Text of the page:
2008 Advent Calendar December 16th




1: public class Advent16
2: {
3: private FileUtilWithDelete SetUp(string content, bool readable)
4: {
5: FileUtilWithDelete file = new FileUtilWithDelete(“SomeFile.txt”);
6: file.Create(content);
7: file.Readable = readable;
8: return file;
9: }
10:  
11: [Fact]
12: public void TestReadReadableFile()
13: {
14: using (FileUtilWithDelete file = SetUp(“CONTENT”, true))
15: {
16: string content = file.Read();
17: Assert.Equal<string>(“CONTENT”, content);
18: }
19: }
20:  
21: [Fact]
22: public void TestReadUnreadableFile()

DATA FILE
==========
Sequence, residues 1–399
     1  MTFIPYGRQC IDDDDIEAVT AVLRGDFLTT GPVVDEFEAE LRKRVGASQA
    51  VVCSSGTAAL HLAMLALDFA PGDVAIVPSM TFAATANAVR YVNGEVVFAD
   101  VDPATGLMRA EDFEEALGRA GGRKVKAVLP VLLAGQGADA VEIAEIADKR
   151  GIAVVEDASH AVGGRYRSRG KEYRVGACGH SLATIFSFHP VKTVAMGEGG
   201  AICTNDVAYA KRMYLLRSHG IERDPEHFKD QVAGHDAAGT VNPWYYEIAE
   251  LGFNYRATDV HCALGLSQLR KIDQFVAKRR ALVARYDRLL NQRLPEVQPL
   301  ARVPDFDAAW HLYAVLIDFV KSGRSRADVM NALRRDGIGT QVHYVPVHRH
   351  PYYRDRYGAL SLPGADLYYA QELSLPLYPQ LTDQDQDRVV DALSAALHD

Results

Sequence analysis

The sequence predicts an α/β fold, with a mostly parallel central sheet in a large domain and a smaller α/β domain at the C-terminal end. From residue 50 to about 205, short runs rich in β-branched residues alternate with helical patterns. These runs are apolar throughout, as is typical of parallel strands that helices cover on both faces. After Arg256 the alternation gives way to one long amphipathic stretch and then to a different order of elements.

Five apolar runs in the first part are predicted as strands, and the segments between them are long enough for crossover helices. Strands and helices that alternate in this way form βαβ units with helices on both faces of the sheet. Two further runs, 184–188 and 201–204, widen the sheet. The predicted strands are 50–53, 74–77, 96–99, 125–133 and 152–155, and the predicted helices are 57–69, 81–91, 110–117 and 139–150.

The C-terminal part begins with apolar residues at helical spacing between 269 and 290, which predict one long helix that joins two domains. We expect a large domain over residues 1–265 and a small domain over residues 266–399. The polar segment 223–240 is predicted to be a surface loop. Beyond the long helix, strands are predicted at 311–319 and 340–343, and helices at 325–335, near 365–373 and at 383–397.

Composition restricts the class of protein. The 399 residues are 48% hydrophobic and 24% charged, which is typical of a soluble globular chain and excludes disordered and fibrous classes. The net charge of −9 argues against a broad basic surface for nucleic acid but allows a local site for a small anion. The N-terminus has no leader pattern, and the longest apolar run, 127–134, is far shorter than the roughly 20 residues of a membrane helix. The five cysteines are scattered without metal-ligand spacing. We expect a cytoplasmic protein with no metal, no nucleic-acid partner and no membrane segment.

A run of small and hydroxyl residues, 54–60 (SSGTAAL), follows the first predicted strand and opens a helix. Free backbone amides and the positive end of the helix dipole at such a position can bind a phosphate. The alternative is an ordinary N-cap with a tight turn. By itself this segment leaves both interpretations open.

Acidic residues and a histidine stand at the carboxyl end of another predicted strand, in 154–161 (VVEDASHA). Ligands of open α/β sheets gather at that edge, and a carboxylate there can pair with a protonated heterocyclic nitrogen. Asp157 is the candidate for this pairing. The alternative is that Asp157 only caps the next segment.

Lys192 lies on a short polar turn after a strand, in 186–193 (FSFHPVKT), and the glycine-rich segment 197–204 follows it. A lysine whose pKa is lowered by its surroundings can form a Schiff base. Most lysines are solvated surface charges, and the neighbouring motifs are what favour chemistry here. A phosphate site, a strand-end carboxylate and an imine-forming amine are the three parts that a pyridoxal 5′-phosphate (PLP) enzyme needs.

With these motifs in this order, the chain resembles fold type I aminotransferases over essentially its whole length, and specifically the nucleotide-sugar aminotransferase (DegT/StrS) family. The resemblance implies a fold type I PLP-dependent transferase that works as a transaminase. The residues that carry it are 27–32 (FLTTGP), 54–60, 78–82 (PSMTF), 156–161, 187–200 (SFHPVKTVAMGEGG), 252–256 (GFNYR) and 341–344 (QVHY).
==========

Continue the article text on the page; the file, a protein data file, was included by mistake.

23: {
24: using (FileUtilWithDelete file = SetUp(“SHOULD NOT BE ABLE TO READ THIS”, false))
25: {
26: Assert.Throws<AccessViolationException>(() => { file.Read(); });
27: }
28: }
29: }

This test code starts to look pretty decent, don’t you think? Well I think it is time to address the naming of the tests again. Even though I know the circumstances I’m testing I think the name should include something about the expected result also. And “Failing” that we used before is not really a good expected result (but it is better than nothing which is the case now).

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